Is it to early for Christmas news? Not if it’s a good controversy.
A few days ago the Wausau School Board in Wisconsin limited the religious music that could be played at holiday concerts. I’m just catching up with the controversy.
Kathleen Williams, the school’s superintendent, said:
“A public school advancing Christmas caroling, which is specifically associated with Christmas, which is a religious holiday, which could be interpreted as endorsing a religion.”
In a way the story seems overly familiar. Williams and the schoolboard’s argument states that carols are religious and should be kept separate from a school (state) activity. And just like prohibiting prayer in school, this is going to provoke many Christians.
I’m sure the school board–thanks to the media barrage–wishes they’d left it alone.
What I find interesting, though, is that unlike prayer in school, Christmas songs and carols may–to many listeners–just seem like traditional music without religious associations. These are songs we know as a culture, and because of this, they expand beyond a specific religion. In other words, you don’t have to be a Christian to like “Away in the Manger.”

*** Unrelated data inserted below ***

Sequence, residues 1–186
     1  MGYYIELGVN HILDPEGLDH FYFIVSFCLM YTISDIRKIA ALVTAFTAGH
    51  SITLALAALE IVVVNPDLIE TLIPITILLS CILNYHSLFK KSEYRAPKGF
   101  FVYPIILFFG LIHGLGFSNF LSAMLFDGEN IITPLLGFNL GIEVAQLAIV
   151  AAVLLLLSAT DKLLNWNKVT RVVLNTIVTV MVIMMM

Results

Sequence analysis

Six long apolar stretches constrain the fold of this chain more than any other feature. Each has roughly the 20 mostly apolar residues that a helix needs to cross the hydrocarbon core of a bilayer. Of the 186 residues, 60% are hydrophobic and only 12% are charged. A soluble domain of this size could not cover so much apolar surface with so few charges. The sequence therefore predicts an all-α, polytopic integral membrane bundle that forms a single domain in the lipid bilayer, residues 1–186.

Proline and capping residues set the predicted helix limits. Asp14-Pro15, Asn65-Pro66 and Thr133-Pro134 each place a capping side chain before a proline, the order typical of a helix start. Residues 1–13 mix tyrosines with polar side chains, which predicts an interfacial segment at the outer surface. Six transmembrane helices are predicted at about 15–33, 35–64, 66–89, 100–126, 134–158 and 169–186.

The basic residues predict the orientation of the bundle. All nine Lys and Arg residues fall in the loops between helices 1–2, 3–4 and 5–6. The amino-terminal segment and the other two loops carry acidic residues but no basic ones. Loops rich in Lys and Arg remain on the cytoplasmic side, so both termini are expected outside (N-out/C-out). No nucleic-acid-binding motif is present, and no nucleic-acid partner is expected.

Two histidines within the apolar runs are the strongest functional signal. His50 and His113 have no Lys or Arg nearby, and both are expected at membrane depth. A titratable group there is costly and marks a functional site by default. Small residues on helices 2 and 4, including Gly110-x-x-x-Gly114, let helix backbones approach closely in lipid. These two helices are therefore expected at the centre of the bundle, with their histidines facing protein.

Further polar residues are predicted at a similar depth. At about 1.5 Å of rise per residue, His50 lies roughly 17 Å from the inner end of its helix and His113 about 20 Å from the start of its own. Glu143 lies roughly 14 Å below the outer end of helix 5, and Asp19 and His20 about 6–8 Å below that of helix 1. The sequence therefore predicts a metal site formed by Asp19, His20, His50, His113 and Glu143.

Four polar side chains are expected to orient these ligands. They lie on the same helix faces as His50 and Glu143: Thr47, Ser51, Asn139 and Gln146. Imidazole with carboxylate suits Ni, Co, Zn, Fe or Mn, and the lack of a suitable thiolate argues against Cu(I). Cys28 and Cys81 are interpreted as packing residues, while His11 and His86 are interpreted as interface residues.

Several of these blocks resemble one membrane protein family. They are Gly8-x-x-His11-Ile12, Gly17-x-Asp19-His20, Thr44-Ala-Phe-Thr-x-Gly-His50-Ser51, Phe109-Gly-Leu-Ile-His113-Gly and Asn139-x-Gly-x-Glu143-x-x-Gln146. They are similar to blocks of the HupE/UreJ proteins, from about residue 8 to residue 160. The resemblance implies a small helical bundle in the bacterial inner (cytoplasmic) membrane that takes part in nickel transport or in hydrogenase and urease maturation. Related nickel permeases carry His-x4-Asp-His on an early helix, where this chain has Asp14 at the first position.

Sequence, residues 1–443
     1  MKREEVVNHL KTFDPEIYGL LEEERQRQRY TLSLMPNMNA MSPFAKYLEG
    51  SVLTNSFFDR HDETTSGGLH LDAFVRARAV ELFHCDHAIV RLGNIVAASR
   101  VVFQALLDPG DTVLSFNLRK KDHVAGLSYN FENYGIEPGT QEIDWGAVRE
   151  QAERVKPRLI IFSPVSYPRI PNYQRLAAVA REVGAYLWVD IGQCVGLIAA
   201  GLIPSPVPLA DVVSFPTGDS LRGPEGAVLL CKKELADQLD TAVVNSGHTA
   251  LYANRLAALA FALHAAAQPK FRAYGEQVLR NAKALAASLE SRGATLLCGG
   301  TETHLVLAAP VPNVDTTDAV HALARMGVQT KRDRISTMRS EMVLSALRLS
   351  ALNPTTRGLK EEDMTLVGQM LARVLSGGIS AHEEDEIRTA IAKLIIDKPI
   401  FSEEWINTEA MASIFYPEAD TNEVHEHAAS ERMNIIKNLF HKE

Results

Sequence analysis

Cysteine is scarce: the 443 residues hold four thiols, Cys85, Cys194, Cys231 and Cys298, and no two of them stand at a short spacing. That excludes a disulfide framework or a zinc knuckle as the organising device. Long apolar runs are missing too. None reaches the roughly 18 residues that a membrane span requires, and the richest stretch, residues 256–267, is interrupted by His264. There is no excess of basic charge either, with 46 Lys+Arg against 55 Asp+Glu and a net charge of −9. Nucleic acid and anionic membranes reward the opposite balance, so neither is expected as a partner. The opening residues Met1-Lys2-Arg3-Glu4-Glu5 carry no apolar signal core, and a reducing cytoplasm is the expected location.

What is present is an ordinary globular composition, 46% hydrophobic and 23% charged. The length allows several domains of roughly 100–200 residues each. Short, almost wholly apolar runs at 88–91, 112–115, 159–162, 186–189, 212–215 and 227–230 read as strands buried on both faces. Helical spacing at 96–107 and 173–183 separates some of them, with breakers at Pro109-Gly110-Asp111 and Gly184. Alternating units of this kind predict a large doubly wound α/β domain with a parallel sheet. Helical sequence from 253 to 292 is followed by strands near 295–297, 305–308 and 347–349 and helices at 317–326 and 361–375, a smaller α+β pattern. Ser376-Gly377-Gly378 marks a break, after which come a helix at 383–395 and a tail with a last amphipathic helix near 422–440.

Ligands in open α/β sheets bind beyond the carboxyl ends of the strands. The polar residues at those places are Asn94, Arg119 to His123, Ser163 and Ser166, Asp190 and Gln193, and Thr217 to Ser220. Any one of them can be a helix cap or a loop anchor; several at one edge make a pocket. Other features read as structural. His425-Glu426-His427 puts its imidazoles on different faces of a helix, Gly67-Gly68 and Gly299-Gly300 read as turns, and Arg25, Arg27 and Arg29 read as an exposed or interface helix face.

I’m not arguing that the school district was right or wrong. Wausau will have to sort that out. Only that Christmas songs–like patriotic songs–have multiple and deep meanings for many listeners. Telling folks they can’t sing “Away in the Manger” may be legally sound, but it’s not a great way to win friends.
I’ll continue to look into this . . . Meanwhile, I’d love to hear your thoughts on the story.
*My understanding is that the school’s choir will still be allowed to perform religious songs. These songs, however, will be limited to a small percentage of the overall music program.